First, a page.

$ 811.1182a Ordering of less than full carloads to be avoided. In view of the shortage of transportation facilities, it is apparent that it is wasteful to have a railroad car move with less than a full load. Therefore, unless other factors make such action unwise, supplies should be ordered in anounts equal to one or more full carloads; and the practice of ordering amounts that will result in the loading of a portion of a railroad car should be avoided.

$ 811.1182b Notice of shipment by contractors. (a) It is important that proper notices of shipment be dispatched by contractors to consignee establishments (especially in the case of shipments destined for ports of embarkation) and, in certain cases, also to other persons, or installations. The “Notice of Shipments" article ($ 803.328) to be inserted in supply contracts requires a notice of shipment to be sent to whomever the contracting officer may designate, and in the form, by the means, and on the occasions required by him.

(b) The main sources of instructions concerning notices of shipment are paragraph 7 of AR 55–105, as amended, paragraph 33 of TM 38–415 and section V, Circular No. 379, War Department, 1944 (the latter two references relate to shipments to ports of embarkation). Other general and special instructions on the subject of notices of shipment are also issued from time to time by certain of the technical services. The chiefs of the technical services will bring to the attention of all contracting officers the requirements of the pertinent publications and instructions referred to above, and will implement them with such supplementary instructions as they deem advisable.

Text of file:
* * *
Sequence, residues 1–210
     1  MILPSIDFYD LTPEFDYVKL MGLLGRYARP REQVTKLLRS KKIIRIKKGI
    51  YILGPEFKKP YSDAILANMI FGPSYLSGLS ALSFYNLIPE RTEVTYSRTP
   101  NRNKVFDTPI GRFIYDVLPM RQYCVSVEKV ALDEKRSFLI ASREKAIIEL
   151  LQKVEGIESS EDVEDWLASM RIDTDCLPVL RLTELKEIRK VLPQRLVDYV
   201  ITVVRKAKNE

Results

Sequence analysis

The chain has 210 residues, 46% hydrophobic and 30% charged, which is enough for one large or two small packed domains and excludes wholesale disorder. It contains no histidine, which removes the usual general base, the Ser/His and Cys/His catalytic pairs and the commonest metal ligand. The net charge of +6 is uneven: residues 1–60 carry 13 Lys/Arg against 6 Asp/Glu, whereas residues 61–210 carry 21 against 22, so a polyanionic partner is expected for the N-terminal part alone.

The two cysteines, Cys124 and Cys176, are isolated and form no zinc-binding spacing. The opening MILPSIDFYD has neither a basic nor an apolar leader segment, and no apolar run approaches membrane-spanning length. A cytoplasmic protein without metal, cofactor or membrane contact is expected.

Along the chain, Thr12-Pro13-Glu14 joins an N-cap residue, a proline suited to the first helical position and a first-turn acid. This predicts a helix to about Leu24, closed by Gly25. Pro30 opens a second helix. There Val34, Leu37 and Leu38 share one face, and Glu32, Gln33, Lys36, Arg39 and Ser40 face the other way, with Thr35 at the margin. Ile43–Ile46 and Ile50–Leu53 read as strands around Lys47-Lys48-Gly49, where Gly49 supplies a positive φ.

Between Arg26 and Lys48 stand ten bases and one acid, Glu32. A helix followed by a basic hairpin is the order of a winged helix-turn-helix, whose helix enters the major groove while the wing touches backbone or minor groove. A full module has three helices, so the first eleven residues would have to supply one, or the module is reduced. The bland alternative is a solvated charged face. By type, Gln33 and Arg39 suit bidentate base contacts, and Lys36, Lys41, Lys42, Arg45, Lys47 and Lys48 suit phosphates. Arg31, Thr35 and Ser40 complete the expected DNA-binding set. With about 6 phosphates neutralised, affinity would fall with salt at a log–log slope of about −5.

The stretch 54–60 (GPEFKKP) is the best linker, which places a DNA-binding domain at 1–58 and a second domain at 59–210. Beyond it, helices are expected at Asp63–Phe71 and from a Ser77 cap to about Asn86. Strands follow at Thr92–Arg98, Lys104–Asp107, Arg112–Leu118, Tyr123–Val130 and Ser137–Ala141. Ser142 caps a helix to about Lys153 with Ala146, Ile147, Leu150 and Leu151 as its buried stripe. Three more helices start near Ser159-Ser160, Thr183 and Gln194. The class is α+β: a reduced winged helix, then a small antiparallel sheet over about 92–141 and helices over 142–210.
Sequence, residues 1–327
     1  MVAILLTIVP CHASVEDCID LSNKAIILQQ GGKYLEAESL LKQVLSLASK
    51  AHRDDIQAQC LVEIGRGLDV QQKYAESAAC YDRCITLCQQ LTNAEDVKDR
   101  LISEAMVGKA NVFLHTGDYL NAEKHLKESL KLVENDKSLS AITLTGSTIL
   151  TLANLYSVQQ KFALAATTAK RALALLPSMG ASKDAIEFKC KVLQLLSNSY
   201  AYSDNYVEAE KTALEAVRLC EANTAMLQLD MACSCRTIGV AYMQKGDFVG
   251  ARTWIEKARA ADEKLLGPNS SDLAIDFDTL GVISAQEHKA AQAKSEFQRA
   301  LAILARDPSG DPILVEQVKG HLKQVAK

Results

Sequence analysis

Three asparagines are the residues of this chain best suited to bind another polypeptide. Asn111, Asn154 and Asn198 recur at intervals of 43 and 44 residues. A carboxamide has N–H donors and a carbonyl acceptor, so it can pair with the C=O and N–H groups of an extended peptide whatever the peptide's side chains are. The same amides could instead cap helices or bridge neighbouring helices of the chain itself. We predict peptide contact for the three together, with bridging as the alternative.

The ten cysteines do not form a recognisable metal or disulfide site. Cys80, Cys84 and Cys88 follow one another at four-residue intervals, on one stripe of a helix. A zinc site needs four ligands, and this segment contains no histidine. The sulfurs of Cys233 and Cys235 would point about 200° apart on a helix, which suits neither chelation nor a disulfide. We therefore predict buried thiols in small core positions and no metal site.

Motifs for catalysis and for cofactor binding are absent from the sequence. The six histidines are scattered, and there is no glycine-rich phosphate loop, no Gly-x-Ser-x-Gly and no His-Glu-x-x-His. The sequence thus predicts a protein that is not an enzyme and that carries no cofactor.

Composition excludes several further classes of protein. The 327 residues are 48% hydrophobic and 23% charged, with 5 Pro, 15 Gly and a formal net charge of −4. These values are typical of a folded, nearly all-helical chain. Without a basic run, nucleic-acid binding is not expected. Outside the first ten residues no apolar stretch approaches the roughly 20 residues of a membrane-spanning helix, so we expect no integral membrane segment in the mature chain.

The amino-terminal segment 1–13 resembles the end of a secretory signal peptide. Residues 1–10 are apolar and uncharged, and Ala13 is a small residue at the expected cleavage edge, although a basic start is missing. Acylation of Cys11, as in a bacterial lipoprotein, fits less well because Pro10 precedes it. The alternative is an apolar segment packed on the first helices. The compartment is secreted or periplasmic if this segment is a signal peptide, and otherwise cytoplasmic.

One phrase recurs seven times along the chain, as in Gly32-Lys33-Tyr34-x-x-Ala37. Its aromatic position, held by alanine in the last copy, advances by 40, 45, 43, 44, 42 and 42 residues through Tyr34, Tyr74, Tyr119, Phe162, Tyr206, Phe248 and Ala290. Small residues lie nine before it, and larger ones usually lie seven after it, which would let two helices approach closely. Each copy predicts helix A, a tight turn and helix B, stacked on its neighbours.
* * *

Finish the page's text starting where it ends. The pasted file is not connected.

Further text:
(c) Contracting officers should be fully informed concerning the notices of shipment to be required so that they may issue proper instrictions to contractors which will avoid the sending of unnecessary notices by contractors and lastminute requests by contractors for instructions. For instance, since the contractor will not ordinarily be required to dispatch a notice in the case of shipments of less than one carload (or equivalent), proper instructions should be given sufficiently in advance so that contractors making such small ship